Scripts are great for when you have a very specific need that an app can’t meet. If you know how to write a script, or you’ve found the perfect one, it’s likely going to ease an everyday task for you. A script is great but it comes with some restrictions. Sometimes, it’s better if you have an EXE file to work with and you’d be surprised to know just how easy it is to convert a PowerShell script to an EXE file.
Convert PowerShell script to EXE
PS2EXE-GUI is a tool that gives you a GUI for converting a PowerShell script to an EXE file. All you really need is the script and an icon for the EXE to use. Getting an icon is super easy so pick something that suits your script, and then download and run PS2EXE-GUI.
In the Source field, select the script that you want to convert to an EXE. In the Target File field, enter a name for the output file and make sure it has an EXE file extension. In the Icon field, select the icon file that you created for your executable.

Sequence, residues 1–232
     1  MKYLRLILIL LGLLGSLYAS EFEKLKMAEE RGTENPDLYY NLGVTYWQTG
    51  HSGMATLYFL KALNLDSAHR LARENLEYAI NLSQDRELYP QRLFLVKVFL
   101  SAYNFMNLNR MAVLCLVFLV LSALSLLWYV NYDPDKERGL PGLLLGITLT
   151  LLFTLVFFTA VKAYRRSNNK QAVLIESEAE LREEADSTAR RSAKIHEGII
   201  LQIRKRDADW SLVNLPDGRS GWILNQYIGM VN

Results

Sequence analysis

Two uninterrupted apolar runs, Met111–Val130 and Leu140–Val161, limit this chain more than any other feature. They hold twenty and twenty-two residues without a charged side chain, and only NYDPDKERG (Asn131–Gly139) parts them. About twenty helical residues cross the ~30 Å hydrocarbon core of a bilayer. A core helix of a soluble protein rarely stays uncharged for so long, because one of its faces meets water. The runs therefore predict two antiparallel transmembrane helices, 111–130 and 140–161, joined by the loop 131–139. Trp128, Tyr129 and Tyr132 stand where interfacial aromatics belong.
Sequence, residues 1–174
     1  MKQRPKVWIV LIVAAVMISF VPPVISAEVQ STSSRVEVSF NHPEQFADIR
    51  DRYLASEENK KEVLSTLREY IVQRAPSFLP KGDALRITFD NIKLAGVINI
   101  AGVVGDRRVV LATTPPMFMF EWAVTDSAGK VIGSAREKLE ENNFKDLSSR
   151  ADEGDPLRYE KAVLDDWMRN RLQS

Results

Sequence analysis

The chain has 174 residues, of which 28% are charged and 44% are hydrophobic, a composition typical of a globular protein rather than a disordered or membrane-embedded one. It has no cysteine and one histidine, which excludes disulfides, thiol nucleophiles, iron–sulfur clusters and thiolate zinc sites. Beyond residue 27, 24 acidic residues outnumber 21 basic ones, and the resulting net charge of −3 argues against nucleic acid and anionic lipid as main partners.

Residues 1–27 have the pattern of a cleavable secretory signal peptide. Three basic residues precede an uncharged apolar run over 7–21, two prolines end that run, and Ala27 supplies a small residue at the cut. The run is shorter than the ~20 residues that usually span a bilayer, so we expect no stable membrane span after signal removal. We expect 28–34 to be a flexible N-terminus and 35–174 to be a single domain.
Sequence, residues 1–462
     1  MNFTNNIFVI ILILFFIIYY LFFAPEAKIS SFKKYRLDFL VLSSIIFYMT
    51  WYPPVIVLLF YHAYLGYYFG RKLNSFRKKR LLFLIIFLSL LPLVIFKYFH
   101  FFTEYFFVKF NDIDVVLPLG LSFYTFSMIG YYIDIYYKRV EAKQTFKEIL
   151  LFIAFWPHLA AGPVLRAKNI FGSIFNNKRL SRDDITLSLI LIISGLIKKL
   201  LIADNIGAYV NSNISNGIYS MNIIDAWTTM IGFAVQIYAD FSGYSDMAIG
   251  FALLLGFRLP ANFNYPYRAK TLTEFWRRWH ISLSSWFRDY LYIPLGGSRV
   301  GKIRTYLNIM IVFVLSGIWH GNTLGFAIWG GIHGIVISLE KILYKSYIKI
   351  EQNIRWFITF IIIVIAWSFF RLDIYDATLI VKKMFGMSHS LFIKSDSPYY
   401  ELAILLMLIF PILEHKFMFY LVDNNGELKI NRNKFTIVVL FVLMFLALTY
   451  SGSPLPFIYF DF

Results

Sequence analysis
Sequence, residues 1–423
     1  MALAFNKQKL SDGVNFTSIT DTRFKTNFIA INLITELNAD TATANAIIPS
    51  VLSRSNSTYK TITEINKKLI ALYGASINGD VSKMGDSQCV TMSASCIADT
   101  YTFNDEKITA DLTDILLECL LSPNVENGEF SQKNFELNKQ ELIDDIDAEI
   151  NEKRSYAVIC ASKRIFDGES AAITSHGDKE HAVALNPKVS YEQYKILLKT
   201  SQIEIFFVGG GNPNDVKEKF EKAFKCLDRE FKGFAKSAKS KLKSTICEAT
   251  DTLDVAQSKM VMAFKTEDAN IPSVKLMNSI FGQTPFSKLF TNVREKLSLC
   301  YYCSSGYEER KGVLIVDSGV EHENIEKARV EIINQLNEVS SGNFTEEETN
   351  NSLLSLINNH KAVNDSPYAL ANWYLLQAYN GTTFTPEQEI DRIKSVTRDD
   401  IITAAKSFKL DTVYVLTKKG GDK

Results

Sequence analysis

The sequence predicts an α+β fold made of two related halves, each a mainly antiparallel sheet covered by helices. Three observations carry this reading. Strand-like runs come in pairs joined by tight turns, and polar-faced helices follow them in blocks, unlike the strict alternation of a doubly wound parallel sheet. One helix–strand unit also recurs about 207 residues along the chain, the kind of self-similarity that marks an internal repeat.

The other fields are pretty self-explanatory so go ahead and fill them out. There are no other settings that you need to change. Click ‘Compile’.
A PowerShell window will open and show the compilation process. It shouldn’t take too long but when it completes, you will see a message ‘Press Enter to leave:’. Tap the Enter key twice to close the PowerShell window. Visit the folder that had the script you converted and the converted EXE should be there.
The app will not create an installable program. When you run the EXE file, it will simply run the script as though it were run from the PS1 file. If the script was written to perform a certain function and then quit itself, the EXE will act the same. It will still act like the original script, it’s just in a different packaging.
With a PowerShell script in the EXE file format, it makes it much easier to run the script as part of an automation process. Not all automation tools may play nice with a script but EXEs are usually better supported. If you’re looking to distribute a script and don’t want inexperienced users tampering with it, distributing it as an EXE is probably a better idea.
Have a batch script that you want to convert to an EXE? It’s just as easy though results may vary depending on the script.